bootable version of Clonezilla (see ("Cloning"
a hard drive to a smaller SSD; Ottawa PC News, November,
2013) but, this time, I decided to see if I could use
Macrium Reflect to both make an image of and transfer the
hard drive's contents.
The web has mixed messaging about such a task. Some
people simply say it can't be done, others insist that
the Professional version of Macrium Reflect is required,
while a third group suggests that the Free Edition can
indeed be pressed into service to perform the task. I
chose to take a run at the latter.
While I wouldn't have been able to restore the original
824 GB Windows partition onto the 250 GB SSD,
the Windows partition was only using 64 GB of the
assigned disk space. Consequently, it was necessary to
shrink the partition (by simply reducing the amount of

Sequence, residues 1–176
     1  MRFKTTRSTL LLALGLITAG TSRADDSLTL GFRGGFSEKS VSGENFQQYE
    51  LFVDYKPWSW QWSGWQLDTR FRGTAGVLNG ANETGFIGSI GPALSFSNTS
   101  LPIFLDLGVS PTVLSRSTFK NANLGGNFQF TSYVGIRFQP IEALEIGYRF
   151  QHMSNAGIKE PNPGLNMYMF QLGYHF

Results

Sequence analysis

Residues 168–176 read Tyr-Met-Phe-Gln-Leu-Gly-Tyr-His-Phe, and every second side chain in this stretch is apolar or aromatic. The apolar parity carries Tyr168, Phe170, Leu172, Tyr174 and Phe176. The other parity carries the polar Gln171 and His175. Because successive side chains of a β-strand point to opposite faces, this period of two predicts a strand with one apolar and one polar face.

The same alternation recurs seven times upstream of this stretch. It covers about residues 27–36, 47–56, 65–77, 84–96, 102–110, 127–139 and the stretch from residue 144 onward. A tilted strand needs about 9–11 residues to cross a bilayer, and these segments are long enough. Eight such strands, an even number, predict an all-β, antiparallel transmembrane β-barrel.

free space). I decided to shrink the partition to
120 GB, thus leaving lots of space for future
software installation. The Disk Management utility
(Control Panel - System and Security - Administrative
Tools - Disk Management), when run as an administrator,
made this process simple. Right-click on drive C:, select
Shrink Volume, and choose by how much to shrink the
In determining the final size for the Windows partition,
it was also necessary to consider the other partitions
present on the disk. In particular, the disk was set up
as a GPT (GUID Partition Table) volume and had several
hidden partitions in addition to that used by the
operating system. These are essentially recovery